Korean K-League Football - Lee Chung-yong

John Duerden reports from Seoul

Lee Chung-yong is currently red hot in his white shirt for Bolton this season.

His team-mates call him 'Chungy' which may cause a few pained expressions back home but the overwhelming emotion in South Korea at Lee's English exploits is excitement.

The 21-year-old winger left FC Seoul in the summer to sign for Premier League club Bolton Wanderers. The team has struggled in the first half of the league campaign though there are signs that a corner is being turned. Amid the gloom just north of Manchester, the young Korean star has been a fairly constant bright spot.

Lee has scored three goals for the Whites and created more for others. His exciting skills, a willingness to run at defenders and his all round attitude and hard-work mean that Bolton fans have taken the Asian into their hearts.

Nobody at home doubted his ability. In the space of two short years he had become probably the most exciting talent in the K-League and established himself in the national team at an unusually young age. The only black mark against his Korean career was the fact that he occasionally lost his cool on the pitch. His lack of years was a mitigating factor but his immaturity suggested that a struggle to adapt to life off the field in the north-west of England. His slight frame also suggested that he may not be able to handle the rough-and-tumble on it.

So far it has not been a problem. Lee's speed and quick feet often leave bigger opponents floundering in his wake and he is really starting to enjoy his football. In mid-December, the former FC Seoul star grabbed his third of the season as Bolton defeated relegation rivals West Ham 3-1. With the scoreline deadlocked at 0-0, Lee's smart finish broke the deadlock and sent the team on the way to victory. He also created the vital second goal.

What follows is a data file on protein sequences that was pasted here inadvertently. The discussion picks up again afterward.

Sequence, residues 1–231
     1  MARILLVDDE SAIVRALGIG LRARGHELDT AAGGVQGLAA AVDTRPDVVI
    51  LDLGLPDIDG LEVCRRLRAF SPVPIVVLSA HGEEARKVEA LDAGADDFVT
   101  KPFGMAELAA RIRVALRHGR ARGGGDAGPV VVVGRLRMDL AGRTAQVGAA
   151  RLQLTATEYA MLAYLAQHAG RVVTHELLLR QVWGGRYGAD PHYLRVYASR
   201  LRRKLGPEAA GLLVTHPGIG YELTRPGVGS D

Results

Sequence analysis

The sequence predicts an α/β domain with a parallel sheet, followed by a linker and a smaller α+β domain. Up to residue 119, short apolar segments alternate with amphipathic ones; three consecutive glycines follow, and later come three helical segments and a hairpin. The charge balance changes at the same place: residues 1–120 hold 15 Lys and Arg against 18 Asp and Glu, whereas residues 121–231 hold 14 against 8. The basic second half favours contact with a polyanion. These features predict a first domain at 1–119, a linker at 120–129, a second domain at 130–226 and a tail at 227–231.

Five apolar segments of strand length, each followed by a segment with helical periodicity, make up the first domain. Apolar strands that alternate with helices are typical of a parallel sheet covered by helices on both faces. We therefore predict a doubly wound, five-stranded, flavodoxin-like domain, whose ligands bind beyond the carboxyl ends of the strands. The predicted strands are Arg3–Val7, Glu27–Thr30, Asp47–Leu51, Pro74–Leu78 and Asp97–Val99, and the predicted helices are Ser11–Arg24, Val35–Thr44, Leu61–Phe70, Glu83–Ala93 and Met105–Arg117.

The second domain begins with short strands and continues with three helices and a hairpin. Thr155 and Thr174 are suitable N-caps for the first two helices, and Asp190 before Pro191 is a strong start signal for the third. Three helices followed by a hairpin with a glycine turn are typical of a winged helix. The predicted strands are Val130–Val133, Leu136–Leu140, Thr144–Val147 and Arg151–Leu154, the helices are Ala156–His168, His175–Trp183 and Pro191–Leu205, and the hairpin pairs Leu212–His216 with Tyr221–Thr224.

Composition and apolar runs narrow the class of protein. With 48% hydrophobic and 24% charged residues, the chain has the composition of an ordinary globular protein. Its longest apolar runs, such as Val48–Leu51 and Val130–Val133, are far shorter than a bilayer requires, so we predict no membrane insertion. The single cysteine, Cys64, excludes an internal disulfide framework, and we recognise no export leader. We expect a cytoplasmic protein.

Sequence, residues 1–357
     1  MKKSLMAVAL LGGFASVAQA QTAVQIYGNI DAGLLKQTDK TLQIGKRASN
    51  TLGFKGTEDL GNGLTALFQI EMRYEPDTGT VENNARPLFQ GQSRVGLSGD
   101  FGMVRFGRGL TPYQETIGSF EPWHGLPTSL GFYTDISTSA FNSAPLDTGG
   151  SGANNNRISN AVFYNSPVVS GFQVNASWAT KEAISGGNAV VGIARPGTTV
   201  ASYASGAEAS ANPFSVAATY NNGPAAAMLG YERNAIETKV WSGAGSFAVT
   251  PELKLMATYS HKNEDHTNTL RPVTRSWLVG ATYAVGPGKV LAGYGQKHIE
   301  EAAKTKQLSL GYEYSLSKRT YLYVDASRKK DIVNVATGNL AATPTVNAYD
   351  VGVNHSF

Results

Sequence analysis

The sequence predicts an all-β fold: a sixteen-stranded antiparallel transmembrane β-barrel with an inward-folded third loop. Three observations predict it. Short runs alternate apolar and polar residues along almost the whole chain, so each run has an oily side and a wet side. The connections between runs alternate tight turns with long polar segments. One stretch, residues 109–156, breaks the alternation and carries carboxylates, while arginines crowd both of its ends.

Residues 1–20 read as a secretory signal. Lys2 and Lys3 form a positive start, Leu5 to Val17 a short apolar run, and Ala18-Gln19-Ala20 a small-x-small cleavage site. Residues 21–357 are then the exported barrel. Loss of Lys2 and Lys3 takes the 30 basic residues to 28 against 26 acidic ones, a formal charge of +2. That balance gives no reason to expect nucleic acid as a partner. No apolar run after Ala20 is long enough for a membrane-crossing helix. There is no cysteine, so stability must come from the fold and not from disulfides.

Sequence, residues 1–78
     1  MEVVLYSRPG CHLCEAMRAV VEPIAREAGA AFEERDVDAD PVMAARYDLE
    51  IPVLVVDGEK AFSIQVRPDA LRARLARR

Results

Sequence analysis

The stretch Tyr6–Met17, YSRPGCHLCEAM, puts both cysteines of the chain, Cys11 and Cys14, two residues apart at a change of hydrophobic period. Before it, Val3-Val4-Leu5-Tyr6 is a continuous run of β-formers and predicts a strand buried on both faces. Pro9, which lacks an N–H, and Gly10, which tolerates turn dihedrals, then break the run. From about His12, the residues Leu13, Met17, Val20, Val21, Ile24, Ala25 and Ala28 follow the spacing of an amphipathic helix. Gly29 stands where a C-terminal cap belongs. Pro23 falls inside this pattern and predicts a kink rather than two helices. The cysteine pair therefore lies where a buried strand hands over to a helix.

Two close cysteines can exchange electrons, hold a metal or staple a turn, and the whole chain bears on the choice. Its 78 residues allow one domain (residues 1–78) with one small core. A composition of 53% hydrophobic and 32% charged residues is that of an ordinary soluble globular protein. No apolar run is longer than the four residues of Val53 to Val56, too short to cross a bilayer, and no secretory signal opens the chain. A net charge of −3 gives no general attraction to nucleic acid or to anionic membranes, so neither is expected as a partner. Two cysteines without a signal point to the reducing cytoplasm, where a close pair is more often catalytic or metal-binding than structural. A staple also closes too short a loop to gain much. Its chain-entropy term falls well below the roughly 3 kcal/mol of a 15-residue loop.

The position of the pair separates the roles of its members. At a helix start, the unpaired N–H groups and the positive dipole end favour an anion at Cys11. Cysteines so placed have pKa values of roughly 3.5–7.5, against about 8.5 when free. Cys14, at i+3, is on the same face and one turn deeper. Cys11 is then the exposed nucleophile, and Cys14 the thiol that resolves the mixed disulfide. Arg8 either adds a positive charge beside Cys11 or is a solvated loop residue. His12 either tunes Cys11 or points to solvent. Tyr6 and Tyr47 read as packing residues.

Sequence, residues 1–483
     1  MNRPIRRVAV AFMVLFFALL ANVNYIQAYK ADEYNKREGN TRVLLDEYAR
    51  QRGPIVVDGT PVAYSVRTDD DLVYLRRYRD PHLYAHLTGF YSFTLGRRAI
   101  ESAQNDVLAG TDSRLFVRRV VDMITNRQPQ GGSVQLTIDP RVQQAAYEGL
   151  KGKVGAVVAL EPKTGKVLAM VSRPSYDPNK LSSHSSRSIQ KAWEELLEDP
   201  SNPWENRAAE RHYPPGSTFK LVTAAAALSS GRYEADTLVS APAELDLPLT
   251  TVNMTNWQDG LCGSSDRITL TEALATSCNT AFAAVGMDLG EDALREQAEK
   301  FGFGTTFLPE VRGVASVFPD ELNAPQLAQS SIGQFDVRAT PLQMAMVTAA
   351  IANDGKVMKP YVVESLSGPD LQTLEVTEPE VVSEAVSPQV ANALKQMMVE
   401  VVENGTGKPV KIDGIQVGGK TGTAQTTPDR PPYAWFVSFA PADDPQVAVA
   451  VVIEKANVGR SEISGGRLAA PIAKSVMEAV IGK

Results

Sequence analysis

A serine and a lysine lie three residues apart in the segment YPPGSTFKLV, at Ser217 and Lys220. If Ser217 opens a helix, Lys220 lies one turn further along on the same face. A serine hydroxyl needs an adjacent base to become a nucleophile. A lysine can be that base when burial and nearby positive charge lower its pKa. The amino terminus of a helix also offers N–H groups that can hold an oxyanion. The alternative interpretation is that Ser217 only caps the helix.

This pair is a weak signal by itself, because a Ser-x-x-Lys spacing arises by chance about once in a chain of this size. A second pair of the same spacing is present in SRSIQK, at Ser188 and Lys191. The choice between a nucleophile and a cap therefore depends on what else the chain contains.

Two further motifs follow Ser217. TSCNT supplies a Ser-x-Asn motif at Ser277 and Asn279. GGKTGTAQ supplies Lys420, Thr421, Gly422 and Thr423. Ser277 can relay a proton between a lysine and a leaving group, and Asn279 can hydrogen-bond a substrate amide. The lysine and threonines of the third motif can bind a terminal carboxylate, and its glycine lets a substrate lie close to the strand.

It followed another excellent performance four days earlier as Bolton held big-spending Manchester City to a 3-3 draw. For the second time in less than a week, Lee was named by much of the English media as his team's best player in that game too.

"It is great to be playing regularly and I hope that I can score more goals over the rest of the season when the opportunities come," Lee told Korean television after his West Ham performance. "I seem to be lucky as we have won all three games in which I have scored."

The Seoul media are excited. Scores of articles appeared lauding the star and more were written about what the English media was writing. Lee's success is a shot in the arm for journalists getting bored of Park Ji-sung's absence from Manchester United's starting eleven.

It would be a brave decision by Bolton head coach Gary Megson to leave out the youngster. The Englishman has much to thank Lee for. Megson has never been a popular figure among Bolton supporters and is he always just a couple of bad results away from serious pressure.

Lee has been a big success story. His exploits on the pitch have not only helped the Wanderers pick up valuable points, he has lightened some of the load on the shoulders of his boss. In return, Megson showered Lee with praise.

"He is getting stronger, his English is getting better and we are absolutely delighted with how he has settled in. He is getting very close to the other players - everybody likes him," Megson said.

"He has terrific qualities and he is starting now to get a bit of recognition up and down the country. He is getting goals and hopefully his confidence will come more and more and he will become a really big player for us. For the risk he took and also we took when we came together, we couldn't be more pleased."

At the moment, everyone is pleased.

John Duerden



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